Once again I approached my supervisor. He advised me to contact the security office again, and this time, during my lunch break, I made the walk to front reception and asked to speak with the head security officer, who happened to be the man from earlier in the morning.

“I sub here. I’m usually at the main hospital. I don’t know why someone thought you were suspicious, but down there, when I get a call about-“ He looked me up and down at this. “Street people… they’re usually wearing hoodies.”

“Yeah, but I was outside the building and there were other people with hoodies on standing in the smoking section.”

“Look, I don’t know okay. I just answered the call. Marie here was the one that put in the request to check things out.”

I turned to the front receptionist.

“Do you know who called? I’d like to ask them why.”

“No, I’m sorry. I didn’t get their name.”

“Do you know what they look like?”

“No. Sorry.”

“Yeah, I don’t know what to tell you.” The security guard shifted back and forth on the balls of his feet as a sign it was time to drop everything and just move on.

“So, no discerning attributes about the person, no name, and you can’t tell me anything other than you got the call. Can I get your name at least?”


“Mike? Mike, I gotta be honest with ya’ here, I feel like I was racially profiled.”

“You’ll have to take that up with HR, guy. I can’t help you there.”

And so I did. When I returned for lunch, I sent an email to their office advising of the situation and after a few days of back and forth, I was assured that a face to face would be set up.

Before my PCU training commenced, I was sent an invite for a meeting that would take place the same day as my Billing Specialist certification was completed. The night before, I prepared all the dates/times and other pertinent information regarding the incidents in question. And when I walked in the next morning, I was ready to plead my case. I was not ready, however, for a permanent job interview, which was set up by my supervisor for that day. The meeting with HR was actually a meeting with 2 department managers and a fellow CSR to determine if I was a good fit for the company.

I frantically prepared STAR format scenarios, spoke with one of the interviewers beforehand, and was adequately ready when the time came. Once again, my lunch break was an issue, and after making allowances with my schedule, the interview went very well. During the closing portion, I expressed my concerns with the security force there, and one of the department managers took great interest in the story, even approaching the Operations Manager about how to resolve everything.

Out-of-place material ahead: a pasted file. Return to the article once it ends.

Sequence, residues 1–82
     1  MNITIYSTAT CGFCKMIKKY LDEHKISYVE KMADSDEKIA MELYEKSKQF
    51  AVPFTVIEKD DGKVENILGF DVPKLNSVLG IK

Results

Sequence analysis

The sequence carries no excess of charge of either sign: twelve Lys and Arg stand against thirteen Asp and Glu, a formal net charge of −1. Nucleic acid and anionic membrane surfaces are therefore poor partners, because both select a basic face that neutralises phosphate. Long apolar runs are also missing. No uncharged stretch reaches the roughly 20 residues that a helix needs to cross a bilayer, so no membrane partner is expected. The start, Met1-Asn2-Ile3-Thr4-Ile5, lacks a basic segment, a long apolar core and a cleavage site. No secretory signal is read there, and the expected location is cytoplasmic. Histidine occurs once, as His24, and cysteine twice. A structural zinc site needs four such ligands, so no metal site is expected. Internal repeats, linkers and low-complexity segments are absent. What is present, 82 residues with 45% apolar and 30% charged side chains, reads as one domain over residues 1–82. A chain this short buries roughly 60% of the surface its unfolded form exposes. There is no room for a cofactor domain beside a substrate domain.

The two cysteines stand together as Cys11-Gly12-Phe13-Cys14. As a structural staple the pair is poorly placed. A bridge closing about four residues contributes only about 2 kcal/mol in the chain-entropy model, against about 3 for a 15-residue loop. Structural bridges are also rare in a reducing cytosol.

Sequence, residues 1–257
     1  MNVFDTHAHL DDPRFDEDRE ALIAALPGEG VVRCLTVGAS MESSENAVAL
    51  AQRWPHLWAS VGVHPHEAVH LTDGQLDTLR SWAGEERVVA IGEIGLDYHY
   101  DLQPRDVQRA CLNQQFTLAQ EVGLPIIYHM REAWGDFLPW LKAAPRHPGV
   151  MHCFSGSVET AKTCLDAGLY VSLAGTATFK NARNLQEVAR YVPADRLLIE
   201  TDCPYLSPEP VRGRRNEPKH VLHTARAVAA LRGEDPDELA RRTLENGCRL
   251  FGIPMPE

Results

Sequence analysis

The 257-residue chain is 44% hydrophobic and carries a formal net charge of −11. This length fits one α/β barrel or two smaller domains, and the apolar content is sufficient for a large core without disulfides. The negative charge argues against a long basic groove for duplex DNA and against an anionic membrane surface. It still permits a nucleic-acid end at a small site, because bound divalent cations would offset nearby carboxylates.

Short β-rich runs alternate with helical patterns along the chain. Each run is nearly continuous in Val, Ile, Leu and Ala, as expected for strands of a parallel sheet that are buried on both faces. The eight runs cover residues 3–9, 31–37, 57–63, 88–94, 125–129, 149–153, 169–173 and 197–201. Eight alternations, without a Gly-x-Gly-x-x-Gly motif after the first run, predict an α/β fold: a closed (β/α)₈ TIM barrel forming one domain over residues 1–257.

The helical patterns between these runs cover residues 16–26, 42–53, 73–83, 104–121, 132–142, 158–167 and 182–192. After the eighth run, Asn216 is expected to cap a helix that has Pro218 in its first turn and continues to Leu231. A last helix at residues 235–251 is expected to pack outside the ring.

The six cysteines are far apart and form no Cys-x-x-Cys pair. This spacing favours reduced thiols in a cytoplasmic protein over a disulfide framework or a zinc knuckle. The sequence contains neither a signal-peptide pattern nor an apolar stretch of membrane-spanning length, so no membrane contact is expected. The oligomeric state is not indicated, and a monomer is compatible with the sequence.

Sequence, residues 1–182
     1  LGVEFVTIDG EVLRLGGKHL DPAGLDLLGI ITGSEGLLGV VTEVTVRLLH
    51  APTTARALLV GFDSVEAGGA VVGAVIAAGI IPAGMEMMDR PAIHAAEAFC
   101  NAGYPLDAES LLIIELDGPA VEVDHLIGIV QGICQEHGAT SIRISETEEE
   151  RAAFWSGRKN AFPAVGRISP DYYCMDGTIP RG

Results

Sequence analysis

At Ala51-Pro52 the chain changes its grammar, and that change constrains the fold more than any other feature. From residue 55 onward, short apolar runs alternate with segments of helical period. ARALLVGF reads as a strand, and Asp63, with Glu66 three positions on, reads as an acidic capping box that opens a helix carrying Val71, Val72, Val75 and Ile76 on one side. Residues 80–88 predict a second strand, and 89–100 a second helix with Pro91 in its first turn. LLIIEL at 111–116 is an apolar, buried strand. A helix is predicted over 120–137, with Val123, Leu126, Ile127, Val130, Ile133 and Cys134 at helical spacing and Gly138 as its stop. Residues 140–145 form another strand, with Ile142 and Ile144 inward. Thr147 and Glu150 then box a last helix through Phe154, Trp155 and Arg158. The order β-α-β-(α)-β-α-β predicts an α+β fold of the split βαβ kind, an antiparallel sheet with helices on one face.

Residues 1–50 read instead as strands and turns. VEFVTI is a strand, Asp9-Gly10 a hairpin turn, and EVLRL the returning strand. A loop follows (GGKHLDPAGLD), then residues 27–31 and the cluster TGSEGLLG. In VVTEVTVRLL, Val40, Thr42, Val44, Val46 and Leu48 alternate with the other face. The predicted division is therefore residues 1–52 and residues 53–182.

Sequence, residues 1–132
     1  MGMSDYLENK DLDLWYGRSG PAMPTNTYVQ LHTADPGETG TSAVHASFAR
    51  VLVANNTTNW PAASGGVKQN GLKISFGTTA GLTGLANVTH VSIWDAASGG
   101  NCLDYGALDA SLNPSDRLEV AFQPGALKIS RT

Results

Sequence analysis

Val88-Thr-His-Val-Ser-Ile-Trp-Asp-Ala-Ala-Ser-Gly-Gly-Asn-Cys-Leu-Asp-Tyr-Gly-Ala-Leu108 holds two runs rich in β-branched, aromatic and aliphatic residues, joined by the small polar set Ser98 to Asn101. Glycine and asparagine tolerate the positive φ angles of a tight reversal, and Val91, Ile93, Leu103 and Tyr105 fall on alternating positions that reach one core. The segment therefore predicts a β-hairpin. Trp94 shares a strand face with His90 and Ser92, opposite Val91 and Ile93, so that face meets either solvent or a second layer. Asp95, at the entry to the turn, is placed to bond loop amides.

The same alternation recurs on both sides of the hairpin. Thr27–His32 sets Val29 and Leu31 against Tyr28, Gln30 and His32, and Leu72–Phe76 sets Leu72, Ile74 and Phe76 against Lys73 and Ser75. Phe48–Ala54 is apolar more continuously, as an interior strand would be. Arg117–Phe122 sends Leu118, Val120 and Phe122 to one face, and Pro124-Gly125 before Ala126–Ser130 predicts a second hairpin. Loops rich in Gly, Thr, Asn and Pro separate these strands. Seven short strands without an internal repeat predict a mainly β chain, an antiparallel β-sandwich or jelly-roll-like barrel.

“Ramon says that if HR doesn’t get back to you promptly, get a hold of him and he will intercede on your behalf. We don’t tolerate that kind of stuff here at Pres.”

After finishing my PCU training, I got a conference with HR scheduled, and an emailed notification that I didn’t get the permanent job. I was okay with this, considering I didn’t apply in the first place. I liked my weekly paychecks. I was leaving for vacation in Los Angeles, it was April, and spring was here. I left that Thursday (4/23) thinking my world was finally solidifying, that I could be that career-oriented person I once loathed incessantly. I was secure in a secure field, and Presbyterian was really looking out for me and the time they invested in my training.

It was Friday, 4/24/15. My wife and I were celebrating our 4 year anniversary, my birthday, no spinal meningitis, and a reading at Gatsby Books for Kleft Jaw on Saturday. Spirits were exceptionally high and of course for good reason, as we walked the back alleys of West Hollywood with complete abandon.

Suddenly my phone rang and when I looked at the number, I saw that it was the temp agency.

“Hi Anthony. How are you?”

“Good. Good. Just enjoying some vacation time. Yourself?”

“I’m okay… Listen, I hate to be the one to do this, but we got a call from David today.”

“Oh yeah?”

“Yeah. Presbyterian has decided to cancel your contract with them…”

“…Wait, what? I just, I mean I know I didn’t get the permanent job, but I just finished training on a new- Did they say why?”

“No. Just that you weren’t a good fit. I’m sorry.”

“I mean, I don’t get it. I was-“

“I’m sorry Anthony. But we can find you something else hopefully. As long as you don’t contact Presbyterian or go back there.”

“What about my stuff?”

“We’ll send someone over to box it up for you and you can come by the office today or Monday to pick up your personal effects.”

“Uhm, I’m in L.A. until Tuesday.”

“Oh… Really?”


“Wow, I’m really sorry to tell you all this while you’re vacationing. That’s awful.”

“So, that’s it then. I’m just not a good fit is all?”

“That’s what they said.”


“Did you want to come by my office Tuesday to pick up your things?”

“Yeah. It’s funny though…”

“What’s that?”

“I had an appointment with the HR department on Tuesday, to talk about some trouble I was having with their security…”